[R-sig-ME] Species as both fixed and random effect

Paul Debes paul.debes at utu.fi
Tue May 10 12:42:42 CEST 2016

Hi Liliana,

If your interest is in differences in among-y variance among the seven  
species, and you have single measurements for each combination of the  
seven species by 10 samples (five per species and treatment?), then you  
can do this at the residual (not the random) level by specifying different  
variances for species. However, it would probably be better to have more  
than 10 samples for each species. You can use the 'gls' function of the  
nlme package to do this, or if you include random effects in addition,  

I'm not sure about your experimental design, but if adequate and your  
interest is in firstly Treatment effects, secondly Species effects, and  
thirdly if the Treatment effects differ among Species, then you should do  
this based on the Treatment by Species interaction. Making inferences  
about differences in treatment effects among different groups in the  
absence of formally tested interactions is an horribly often-made mistake  
in many scientific fields:


 From the information you provide, it does not make sense to me to specify  
Species also as a random term. However, why are data from DIFFERENT  
species considered to be not independent? I don't think including Species  
as a random term would account for any non-independence among species.

I hope this helps,

On Tue, 10 May 2016 13:09:28 +0300, Liliana D'Alba Altamirano  
<liliana.dalba at ugent.be> wrote:

> I have a question about the use of a factor as both fixed and random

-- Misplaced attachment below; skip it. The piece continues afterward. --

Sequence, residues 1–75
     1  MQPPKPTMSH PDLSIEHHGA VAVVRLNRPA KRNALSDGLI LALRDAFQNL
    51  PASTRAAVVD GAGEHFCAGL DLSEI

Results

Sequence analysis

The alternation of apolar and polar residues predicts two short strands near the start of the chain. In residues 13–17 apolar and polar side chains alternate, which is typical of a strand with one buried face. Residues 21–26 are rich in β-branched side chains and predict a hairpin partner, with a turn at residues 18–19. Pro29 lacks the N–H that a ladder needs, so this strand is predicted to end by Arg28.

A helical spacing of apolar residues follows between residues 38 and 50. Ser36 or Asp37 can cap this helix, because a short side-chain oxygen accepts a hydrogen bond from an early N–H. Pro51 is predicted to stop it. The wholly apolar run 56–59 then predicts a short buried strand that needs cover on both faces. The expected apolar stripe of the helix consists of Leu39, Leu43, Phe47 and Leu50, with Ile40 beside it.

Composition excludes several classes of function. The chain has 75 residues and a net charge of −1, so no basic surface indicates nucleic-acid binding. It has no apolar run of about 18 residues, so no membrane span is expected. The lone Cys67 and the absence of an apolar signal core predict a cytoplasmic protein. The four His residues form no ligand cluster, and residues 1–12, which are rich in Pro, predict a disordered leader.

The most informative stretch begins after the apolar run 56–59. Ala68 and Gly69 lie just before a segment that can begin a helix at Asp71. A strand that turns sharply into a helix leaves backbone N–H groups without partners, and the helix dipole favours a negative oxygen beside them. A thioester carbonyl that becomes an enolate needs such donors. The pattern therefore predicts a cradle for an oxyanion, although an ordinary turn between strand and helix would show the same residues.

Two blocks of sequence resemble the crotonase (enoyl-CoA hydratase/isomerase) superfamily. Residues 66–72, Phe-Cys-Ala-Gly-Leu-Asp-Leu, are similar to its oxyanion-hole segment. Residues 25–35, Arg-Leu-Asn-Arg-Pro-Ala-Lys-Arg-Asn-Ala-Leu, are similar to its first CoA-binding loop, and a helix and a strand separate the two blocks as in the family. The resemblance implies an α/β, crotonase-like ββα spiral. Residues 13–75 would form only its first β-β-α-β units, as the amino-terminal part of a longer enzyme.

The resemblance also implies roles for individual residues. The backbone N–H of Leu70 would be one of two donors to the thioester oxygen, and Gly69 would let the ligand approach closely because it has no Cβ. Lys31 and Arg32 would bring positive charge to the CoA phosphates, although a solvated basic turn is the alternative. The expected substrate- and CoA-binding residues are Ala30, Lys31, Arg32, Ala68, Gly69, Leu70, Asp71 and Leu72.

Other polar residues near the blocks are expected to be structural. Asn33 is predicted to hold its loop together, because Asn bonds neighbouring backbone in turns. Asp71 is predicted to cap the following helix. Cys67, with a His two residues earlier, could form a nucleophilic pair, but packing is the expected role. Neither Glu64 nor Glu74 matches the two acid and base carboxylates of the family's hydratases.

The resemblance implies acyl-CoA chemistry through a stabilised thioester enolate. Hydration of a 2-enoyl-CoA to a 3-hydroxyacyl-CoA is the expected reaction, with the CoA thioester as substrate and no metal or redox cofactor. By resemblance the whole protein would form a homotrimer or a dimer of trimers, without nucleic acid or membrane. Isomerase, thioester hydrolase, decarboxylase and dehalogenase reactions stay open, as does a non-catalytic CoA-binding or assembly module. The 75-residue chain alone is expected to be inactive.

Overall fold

> effect.  Specifically, I want to test the effects of an experimental  
> treatment and the species from which the samples originate on the  
> response variable "y".
> I have seven different species with about 10 samples from each.  On one  
> hand I want to be able to make inferences about the differences in "y"  
> between different species, but I also want to look at the variance among  
> the values of "y" at different species (random). In addition, two  
> separate reviewers have explicitly asked for species to be included as  
> random effect to account for the non-independence among data from  
> different species.
> So, my model looks like this:
> y ~ treatment + species + (1|species)
> The question is whether this is an example of statistical malpractice or  
> it is correct to do it.
> I am aware of the discussion about this topic posted here:
> https://stat.ethz.ch/pipermail/r-sig-mixed-models/2014q3/022365.html
> in which Thierry Onkelinx mentioned that it is ok to specify a factor as  
> fixed and random effect but only when it is treated as continuous  
> (fixed) variable.
> However, that did not fully answer my question and unlike Year (which  
> can be used as continuous variable), it does not make sense to treat  
> Species as continuous just so the model produce good estimates.
> Thank you, I appreciate your help.
> Liliana
> 	[[alternative HTML version deleted]]
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Paul V. Debes
DFG Research Fellow

Division of Genetics and Physiology
Department of Biology
University of Turku
PharmaCity, 7th floor
Itainen Pitkakatu 4
20014 Finland

Email: paul.debes at utu.fi

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